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From: Andrei Alexandrescu (See Website For Email) (SeeWebsiteForEmail_at_[hidden])
Date: 2006-03-09 15:12:31

Alexander Nasonov wrote:
> Pavel Vozenilek <pavel_vozenilek <at>> writes:
>> It is dog-slow: the small example takes over minute!!!! on
>> Athlone XP 2200+ (no optimisations enabled).
>> Intel is known for being slow on heavy templatized code
>> and its preprocessor processing is exponential.
> Unless you passed a lot of variables to BOOST_FINALLY_BEGIN,
> it's not PP, it is Boost.Typeof that is very slow.
>> Mr. Alexandrescu had suggested something like that
>> to be included in the language (as a killer feature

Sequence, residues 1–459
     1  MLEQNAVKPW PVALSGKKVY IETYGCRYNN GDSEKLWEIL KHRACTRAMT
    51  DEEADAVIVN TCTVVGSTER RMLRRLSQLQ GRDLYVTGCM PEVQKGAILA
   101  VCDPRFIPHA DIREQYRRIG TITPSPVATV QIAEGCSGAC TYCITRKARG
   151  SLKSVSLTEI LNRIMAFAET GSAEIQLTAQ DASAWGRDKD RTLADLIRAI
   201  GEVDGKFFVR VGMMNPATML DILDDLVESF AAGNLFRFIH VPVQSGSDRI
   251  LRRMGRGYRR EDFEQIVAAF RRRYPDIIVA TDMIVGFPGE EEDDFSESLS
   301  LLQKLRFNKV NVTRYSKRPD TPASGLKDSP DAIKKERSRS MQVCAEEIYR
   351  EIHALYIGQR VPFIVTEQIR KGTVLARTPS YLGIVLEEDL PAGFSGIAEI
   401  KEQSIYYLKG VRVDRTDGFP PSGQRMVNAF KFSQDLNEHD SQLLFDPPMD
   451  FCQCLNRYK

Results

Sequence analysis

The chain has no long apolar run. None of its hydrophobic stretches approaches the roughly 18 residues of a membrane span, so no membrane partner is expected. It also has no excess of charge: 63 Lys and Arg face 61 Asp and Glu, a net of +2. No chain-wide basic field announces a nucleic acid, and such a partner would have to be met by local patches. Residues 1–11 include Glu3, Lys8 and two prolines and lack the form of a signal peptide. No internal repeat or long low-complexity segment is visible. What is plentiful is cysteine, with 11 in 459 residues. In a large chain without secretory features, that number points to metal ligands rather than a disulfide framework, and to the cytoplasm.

>> not seen in mainstream languages). Specifically,
>> he suggested:
>> on_block_exit { .... code .... }
>> on_block_success { ... code ... }
>> on_block_failure { ... code ... }
> Cool, I didn't know this.
> Is there any proposal for this?

Thank you Alexander for emailing me about this thread.

There isn't, at least not for C++. I convinced Walter Bright to
implement the constructs in D, and helped him write this doc:

Alexander asked me what I think of his implementation, and IMHO it is
superior, and closer to intent, than our original ScopeGuard was. The
fact that you can write arbitrary code inside the scope of interest, and
that code has access (albeit through a less than transparent mechanism)
to the local variables, is very useful for implementing exception-safe
code easily and expressively. For example, the D examples in Walter's
article can be easily translated into C++ (using Alexander's lib) with
only little loss in terseness and clarity.


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